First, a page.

It seems the long-term prognosis for electric vehicles is good.
Interesting in electric vehicles is growing quickly in the UK, with 41 percent of people expecting to own one at some point in the next 10 years.
That's according to a survey by Sainsbury's Bank, which asked 2,000 people how they felt about electric vehicles. Of the people questioned, 23 percent said that they were considering getting an EV at some point in the next five years.
More than 10 percent of those looking at buying a new car said that they were seriously considering an electric car because of environmental reasons, while 16 percent said that they would seriously consider an electric car themselves if more petrol stations offered electricity charging.
It's not looking as exciting in the immediate future, however – when it comes to plug-in hybrids, of those looking to buy a car in the next six months, just three percent of those quizzed said that they would be getting one. Around 14 percent of new car buyers would be looking at hybrids.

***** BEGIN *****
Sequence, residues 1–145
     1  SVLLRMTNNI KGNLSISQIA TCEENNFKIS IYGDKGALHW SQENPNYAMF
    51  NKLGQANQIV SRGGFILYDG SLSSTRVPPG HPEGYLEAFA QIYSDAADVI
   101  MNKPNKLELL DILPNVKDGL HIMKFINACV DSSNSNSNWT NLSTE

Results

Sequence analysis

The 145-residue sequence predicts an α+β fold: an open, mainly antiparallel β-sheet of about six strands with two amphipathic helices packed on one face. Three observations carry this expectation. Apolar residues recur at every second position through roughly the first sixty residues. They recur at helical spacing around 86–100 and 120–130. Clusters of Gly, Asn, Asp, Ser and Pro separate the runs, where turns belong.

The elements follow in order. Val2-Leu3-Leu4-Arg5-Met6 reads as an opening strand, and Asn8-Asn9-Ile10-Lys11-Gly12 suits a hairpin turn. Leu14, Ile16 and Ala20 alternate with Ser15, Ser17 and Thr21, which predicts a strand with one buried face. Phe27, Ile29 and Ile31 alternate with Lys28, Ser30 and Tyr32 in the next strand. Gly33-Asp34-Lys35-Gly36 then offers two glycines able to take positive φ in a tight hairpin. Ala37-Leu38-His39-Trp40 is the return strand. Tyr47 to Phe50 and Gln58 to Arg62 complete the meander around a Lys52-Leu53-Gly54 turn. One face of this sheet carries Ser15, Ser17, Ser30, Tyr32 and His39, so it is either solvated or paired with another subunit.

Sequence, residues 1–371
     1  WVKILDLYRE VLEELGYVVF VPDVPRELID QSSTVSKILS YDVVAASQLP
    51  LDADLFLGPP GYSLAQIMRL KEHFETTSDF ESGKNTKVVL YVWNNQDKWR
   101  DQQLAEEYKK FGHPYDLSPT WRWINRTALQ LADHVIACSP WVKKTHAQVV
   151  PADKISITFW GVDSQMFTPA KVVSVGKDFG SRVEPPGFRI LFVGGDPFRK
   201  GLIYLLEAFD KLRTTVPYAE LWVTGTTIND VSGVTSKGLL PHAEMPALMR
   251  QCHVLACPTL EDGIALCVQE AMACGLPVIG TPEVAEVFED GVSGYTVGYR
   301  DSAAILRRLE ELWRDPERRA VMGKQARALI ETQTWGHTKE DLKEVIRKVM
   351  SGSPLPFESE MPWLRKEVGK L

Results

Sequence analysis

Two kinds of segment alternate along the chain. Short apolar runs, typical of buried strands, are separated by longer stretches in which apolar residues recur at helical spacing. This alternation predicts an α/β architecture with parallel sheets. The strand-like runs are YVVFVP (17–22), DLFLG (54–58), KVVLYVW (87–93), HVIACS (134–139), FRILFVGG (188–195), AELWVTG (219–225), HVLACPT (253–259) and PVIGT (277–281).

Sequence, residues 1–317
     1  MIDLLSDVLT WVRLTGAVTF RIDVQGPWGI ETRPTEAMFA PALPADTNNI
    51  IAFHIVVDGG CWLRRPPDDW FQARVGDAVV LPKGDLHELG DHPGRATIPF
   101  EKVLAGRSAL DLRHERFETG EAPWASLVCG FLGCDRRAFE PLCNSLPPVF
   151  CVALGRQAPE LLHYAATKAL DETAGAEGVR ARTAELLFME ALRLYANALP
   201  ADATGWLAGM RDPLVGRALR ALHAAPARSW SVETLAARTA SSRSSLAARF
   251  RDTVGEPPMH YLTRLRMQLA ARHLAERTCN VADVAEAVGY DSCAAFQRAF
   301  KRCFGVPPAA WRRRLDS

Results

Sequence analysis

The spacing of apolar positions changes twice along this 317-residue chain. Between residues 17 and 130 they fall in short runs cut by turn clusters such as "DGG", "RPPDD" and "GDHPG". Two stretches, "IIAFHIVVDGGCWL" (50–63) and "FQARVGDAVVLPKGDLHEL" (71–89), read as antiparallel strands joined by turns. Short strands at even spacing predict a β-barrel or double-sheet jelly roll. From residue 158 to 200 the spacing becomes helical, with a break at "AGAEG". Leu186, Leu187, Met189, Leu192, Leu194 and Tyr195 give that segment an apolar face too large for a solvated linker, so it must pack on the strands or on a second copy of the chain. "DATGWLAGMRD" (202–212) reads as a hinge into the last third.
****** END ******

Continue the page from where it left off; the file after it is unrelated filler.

Real world results would seem to match the survey, as currently plug-in hybrids only have made up 2.2 percent of overall UK car sales in August and 1.8 percent in September.
The Sainsbury's research found vehicle tax changes that have been recently introduced have already started to affect the vehicle choices of many motorists – 19 percent said they would avoid buying new vehicles with higher CO2 emissions because they are more expensive to tax and 15 percent saying they would deliberately spend less than £40,000 on a new car to avoid having to pay a higher rate of tax on the car.